With the instant invention, however, it has been discovered that when such dough or batter products are prepared employing Water-washed gluten and/or starch constituents, and including a quantity of ethyl alcohol with the water of formulation, that the resultant product is of excellent quality even after being stored for more than 24 weeks under ambient conditions.

In selecting gluten and/or starch (which may or may not be reblended to provide a reconstituted or a synthetic flour) it has been found desirable, though not essential, to select ingredients of relatively low bacterial content. However, if such ingredient selection is inconvenient or impractical, the starch and/ or gluten or reconstituted or synthetic flour may simply be brought to a temperature of about 180 F. for approximately three minutes.

The quantity of ethyl alcohol required by the invention may vary rather widely. It is preferable to use a quantity of about 5% basis total product. If less than about 5% is used, the products shelf-life tends to be somewhat shorter, whereas an amount substantially in excess of 5% tends to produce a gradual diminution of product quality and it is preferred that the alcohol not exceed about 60% of the total liquid in the dough formula.

In preparing dough or batter in accordance with the instant invention, it has also been found desirable, though not essential, to select a shortening (when shortening is employed) having a somewhat higher than average melting point. By doing this, it is possible to avoid the formation of fat lakes which may result from storage under high temperatures. It has also been found that the flavor of the final product may be enhanced by the inclusion of a small amount of salt in the dough or batter formula, though of course this treatment is entirely optional and discretionary with the operator.

To obtain the best ultimate results, it is also desirable that preparation of the dough or batter be conducted under asceptic conditions and, that once prepared the dough or batter be packaged immediately. Moreover, it is also desirable that the packaging operation be conducted under asceptic conditions.

Although the dough or batter may be put into any desirable'physical form for packaging, a ready-to-bake form in a disposable baking receptacle is most preferred since this makes it ready for immediate use and thereby provides the ultimate in convenience to the consumer.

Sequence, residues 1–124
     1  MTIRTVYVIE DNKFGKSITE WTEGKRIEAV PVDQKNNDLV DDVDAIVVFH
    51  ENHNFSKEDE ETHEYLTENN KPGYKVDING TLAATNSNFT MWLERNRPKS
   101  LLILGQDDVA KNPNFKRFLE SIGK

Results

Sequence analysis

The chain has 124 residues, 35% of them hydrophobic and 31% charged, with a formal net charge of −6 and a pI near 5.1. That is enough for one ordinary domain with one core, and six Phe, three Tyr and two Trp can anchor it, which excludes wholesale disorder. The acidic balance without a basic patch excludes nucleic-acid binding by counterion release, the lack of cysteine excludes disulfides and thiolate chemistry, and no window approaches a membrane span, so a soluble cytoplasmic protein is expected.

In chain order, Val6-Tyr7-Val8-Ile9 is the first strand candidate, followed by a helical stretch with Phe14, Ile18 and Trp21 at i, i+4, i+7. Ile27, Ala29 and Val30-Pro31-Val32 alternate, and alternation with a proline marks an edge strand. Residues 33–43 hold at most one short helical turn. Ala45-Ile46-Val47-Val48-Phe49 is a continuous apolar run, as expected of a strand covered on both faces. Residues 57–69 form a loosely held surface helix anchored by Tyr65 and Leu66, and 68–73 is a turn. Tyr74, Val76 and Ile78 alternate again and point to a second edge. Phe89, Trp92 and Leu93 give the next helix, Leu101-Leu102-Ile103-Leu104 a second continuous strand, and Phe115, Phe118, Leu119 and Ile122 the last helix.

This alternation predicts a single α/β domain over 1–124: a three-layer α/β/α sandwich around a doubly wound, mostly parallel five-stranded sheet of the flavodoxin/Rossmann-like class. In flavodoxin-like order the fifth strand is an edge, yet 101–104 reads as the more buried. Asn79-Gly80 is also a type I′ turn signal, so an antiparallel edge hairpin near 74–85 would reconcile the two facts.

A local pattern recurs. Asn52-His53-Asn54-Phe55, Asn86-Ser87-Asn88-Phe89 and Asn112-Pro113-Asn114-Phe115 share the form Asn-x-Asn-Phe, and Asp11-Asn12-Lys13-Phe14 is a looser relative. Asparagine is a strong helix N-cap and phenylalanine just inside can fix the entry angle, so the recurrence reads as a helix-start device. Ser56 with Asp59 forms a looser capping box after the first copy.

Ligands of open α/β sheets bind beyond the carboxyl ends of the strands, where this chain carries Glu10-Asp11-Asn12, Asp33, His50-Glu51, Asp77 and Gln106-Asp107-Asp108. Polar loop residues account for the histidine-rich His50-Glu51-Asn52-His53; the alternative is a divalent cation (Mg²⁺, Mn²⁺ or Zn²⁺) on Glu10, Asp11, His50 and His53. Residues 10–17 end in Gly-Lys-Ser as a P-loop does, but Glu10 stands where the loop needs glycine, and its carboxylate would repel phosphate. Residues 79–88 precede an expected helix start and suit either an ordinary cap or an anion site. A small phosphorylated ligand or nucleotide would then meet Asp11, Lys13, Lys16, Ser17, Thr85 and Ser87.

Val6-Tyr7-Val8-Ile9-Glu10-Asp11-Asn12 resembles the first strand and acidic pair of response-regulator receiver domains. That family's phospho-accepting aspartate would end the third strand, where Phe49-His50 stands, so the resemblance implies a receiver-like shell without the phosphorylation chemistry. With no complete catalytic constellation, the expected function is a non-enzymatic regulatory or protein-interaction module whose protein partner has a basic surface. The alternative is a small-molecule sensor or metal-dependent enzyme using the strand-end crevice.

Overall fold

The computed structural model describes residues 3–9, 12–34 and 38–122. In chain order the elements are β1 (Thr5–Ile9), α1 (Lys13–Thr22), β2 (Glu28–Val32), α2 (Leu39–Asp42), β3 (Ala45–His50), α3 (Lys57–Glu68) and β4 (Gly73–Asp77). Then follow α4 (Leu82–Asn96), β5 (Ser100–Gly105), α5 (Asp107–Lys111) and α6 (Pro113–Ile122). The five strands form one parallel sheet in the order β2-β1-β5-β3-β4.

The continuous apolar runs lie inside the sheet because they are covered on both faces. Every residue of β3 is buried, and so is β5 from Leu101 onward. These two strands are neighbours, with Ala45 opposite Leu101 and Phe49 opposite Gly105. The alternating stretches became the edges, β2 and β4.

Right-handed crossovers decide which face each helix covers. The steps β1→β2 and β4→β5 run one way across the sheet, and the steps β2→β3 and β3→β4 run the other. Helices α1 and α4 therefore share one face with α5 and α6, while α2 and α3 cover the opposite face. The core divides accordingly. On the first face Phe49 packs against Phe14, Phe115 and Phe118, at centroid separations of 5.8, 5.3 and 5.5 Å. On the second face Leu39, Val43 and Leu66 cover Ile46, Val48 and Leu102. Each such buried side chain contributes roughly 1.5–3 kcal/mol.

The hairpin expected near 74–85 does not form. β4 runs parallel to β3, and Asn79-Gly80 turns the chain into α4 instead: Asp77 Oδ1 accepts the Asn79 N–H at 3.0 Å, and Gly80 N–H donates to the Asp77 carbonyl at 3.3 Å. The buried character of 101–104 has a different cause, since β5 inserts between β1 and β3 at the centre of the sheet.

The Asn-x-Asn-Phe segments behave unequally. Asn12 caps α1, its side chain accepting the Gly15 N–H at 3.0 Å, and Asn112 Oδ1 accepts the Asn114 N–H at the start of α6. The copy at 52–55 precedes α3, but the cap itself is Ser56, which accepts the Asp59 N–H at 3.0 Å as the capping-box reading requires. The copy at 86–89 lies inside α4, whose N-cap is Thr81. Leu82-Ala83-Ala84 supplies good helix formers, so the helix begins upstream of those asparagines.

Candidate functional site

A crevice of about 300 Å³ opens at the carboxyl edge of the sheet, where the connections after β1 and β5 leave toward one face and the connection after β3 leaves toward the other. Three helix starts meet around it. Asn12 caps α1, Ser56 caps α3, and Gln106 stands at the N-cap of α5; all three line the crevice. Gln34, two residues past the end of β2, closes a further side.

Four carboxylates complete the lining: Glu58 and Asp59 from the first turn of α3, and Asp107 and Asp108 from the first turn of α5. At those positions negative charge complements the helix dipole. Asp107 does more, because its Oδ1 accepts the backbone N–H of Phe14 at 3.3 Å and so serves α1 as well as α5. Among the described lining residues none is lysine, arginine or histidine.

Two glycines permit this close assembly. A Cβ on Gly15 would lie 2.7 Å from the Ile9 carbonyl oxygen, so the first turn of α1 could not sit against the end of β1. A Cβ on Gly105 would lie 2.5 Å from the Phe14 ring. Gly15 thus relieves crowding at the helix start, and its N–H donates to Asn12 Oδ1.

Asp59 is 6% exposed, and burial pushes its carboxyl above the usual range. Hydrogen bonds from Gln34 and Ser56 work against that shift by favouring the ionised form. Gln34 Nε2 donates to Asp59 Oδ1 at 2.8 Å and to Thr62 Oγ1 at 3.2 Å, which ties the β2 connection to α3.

Further illustration of the present invention may be had by reference to the following examples:

Example I A dry admixture was prepared comprising about 65% of a water washed reconstituted flour, 32% shortening, and 3% salt. Using conventional technology this dry admixture was hydrated with cc. of a liquid comprising 63 cc. of distilled water and 27 cc. of U.S.P. grade ethyl alcohol. This hydrated admixture was then rolled out and formed into a circular sheet of dough of about 9 inches in diameter. The rolled-out dough sheet was then placed between two sheets of waxed paper and folded twice over to form a quarter-circle. Then the folded dough sheet was deposited in a polyethylene bag, and using conventional methods, the bag was filled with nitrogen and heat-sealed in the usual manner.

A number of dough packages were prepared in this manner and stored under ambient conditions over a 24 Week test period during which time samples were regularly removed from storage every three weeks and evaluated with respect to quality and performance. All of the products proved to be satisfactory throughout the entire 24 weeks of test storage.

Example ll Pie doughs were also prepared in accordance with the method outlined in Example I but utilizing a blend of about 57% water-washed wheat starch and 8% waterwashed wheat gluten (basis total ingredients) for the flour component of the pie dough formula. In this batch of samples, the packaging condition were also varied by simply evacuating and sealing the containers to thereby provide a vacuum pack for the doughs thus produced. These doughs were likewise subjected to conventional storage testing under ambient conditions for a 24 week test period and were likewise found to be of satisfactory quality throughout the entire 24 week test.

Example III In another serie of test pie doughs, rolled-out pie doughs were prepared in accordance with the method of Example I but utilizing a shortening component having a melting point of about 115 E. which is slightly higher than the melting point of conventional shortening. In this series the packaging conditions were also further varied by depositing the dough in rolled-out condition, rather than in folded condition, and by surrounding the dough with an air atmosphere within the sealed container. When this series of doughs was subjected to the storage testing treatment of Example I, all products were again found satisfactory throughout the entire storage period.

Example IV first blending together the following dry ingredients in the indicated proportions:

Percent Water-washed wheat starch 26.69 Water-washed wheat gluten 1.70 Corn flour 3.12 Sugar 29.02 Dehydrated egg yoke 1.19 Salt 1.19 Non-fat dry milk solids .40 Chopped nuts 9.44